What Egypt's protest movement also had at least after the first week was the support of the United States and other Western countries that joined the chorus demanding Mubarak to step down. The United States has threatened to withdraw its substantial support for the Egyptian Army, a move certain to make the military leadership consider its options carefully. The U.S. has no such leverage over Syria, which has been subjected to sanctions since 2004, when it was accused of supporting terrorism, destabilizing Iraq, and meddling in Lebanon (Charges Assad routinely denies).
Sanctions have also had the unintended consequence of limiting in Syria the presence of the foreign democracy-promotion organizations that were instrumental in fomenting political organization and awareness in Egypt over the past several years. And while computer-savvy elites can circumvent the official ban on Facebook via proxy servers, a significant number of supporters for the protest "to end the state of emergency in Syria and end corruption" on Syria's "Day of Rage Feb 4 and 5," will be protesting in cities outside of Syria.
On Wednesday evening a small group of dissidents did manage to gather for a candlelight vigil in support of the activists in Egypt's Tahrir square, but they were quickly attacked by a mob of what they assumed were plain-clothes police. When the main organizer, Suheir Atassi, went to the local police station to file a complaint, she was slapped and accused of being a "germ" and an agent of foreign powers, according to Human Rights Watch. In Aleppo, another protest organizer, Gassan Najar, was beaten and arrested, according to Syrian democracy activists.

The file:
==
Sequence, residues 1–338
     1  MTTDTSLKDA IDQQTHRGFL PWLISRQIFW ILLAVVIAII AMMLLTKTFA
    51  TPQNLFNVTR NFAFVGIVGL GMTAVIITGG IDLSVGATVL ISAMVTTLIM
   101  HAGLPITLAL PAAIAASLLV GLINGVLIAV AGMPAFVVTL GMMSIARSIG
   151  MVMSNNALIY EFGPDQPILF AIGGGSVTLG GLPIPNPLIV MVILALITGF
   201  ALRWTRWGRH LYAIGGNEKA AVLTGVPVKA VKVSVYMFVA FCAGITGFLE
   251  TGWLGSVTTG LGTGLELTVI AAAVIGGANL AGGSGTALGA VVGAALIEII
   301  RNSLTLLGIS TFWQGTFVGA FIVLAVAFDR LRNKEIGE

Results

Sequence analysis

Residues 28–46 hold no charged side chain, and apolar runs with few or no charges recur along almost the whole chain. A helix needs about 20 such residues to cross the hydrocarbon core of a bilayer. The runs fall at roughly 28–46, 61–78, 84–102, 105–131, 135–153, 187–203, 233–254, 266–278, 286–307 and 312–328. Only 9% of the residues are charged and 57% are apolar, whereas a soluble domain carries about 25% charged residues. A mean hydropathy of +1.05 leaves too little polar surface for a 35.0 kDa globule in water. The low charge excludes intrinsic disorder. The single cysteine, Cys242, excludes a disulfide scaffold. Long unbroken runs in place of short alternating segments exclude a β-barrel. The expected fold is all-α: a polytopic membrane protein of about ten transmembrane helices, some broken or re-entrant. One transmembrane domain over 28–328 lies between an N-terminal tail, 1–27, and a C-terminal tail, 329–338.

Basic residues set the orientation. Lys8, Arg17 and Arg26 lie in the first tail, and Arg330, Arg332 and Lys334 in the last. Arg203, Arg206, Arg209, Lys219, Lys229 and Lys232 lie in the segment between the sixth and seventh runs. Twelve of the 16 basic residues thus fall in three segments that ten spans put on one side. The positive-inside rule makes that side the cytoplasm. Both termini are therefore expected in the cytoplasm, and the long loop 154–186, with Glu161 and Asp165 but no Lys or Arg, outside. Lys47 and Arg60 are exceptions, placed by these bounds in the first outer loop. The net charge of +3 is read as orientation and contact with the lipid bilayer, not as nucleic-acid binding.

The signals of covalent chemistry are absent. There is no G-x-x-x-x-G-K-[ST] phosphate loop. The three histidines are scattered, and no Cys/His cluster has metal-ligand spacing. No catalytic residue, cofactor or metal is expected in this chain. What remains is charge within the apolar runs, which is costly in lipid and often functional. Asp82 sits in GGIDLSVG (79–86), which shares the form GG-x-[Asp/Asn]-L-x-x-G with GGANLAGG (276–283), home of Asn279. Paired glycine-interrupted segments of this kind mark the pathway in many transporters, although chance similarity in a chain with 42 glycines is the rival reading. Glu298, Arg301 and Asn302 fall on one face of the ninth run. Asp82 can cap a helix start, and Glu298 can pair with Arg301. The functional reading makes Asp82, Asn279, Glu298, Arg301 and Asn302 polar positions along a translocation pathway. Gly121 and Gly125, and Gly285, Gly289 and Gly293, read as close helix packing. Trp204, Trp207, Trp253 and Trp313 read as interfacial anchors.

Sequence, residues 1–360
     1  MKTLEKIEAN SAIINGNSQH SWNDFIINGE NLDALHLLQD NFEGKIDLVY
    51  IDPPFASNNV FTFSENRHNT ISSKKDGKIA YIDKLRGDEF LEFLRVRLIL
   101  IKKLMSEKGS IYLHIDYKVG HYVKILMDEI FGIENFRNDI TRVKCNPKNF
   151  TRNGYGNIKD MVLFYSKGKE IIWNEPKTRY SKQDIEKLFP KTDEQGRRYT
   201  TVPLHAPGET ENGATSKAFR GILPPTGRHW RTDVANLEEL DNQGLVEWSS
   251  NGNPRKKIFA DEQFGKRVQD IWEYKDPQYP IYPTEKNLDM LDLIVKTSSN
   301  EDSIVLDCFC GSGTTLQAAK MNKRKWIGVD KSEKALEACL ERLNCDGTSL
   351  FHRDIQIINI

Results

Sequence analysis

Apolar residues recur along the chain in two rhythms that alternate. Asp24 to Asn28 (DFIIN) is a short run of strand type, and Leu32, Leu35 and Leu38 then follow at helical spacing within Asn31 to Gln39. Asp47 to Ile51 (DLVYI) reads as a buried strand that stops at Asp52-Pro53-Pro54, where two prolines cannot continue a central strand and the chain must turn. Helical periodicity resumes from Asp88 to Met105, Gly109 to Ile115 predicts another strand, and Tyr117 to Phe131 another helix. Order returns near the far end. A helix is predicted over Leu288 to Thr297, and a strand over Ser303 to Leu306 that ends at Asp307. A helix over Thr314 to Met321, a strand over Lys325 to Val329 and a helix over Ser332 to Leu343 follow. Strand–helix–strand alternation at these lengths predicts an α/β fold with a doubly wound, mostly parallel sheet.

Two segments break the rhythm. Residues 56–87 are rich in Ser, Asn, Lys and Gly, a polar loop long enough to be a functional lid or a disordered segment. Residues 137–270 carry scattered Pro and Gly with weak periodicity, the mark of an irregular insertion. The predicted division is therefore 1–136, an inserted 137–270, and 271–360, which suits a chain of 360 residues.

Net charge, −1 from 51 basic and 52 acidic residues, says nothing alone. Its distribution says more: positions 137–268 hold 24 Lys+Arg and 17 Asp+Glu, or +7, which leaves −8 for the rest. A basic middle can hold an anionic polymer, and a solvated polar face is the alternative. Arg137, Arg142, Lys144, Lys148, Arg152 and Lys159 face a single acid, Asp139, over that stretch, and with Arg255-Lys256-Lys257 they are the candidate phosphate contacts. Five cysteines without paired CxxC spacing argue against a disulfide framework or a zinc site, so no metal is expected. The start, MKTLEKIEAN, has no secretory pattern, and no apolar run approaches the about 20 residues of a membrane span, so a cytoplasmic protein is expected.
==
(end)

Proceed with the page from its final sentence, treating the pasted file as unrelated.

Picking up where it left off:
Syria has been under a continuous State of Emergency since 1963. Among other restrictions this limits the freedom assembly and speech, and any political opposition to the ruling Baath party is forbidden. But other limitations have been loosened under Assad, and there is now a fledgling independent media and the beginnings of economic reform. The government has encouraged cultural development and tourism. In many ways it could be said that Assad was attempting to drive Syria down the same path as Tunisia. Until, of course, he saw the Tunisian experiment of offering economic development in exchange for political freedoms implode early last month. In his interview with the Journal, Assad seemed confident that new political and economic reforms, though slow, would eventually give the Syrian people what they want in a way that would not provoke chaos. "Today is better than six years ago," he said. "But it is not the optimal situation. We still have a long way to go because it is a process. To be realistic, we have to wait for the next generation to bring this reform."
That was last week. These days, he might want to consider speeding things up a little. "If Assad looks down on the roofs of Damascus or Aleppo," says Nashabe, "he will see all the satellite dishes capturing the pictures of people taking to the streets of Cairo and Alexandria and calling for freedom, calling for the stepping down of a dictatorship, calling for freedom from the predations of secret police and oppression of the media." He adds, "I think Assad is smart enough to push forward the reforms that he has already started in a very practical way." If not, Syria may yet be the next name entered in the Mad-Libs blank for "Threatened Arab Regime."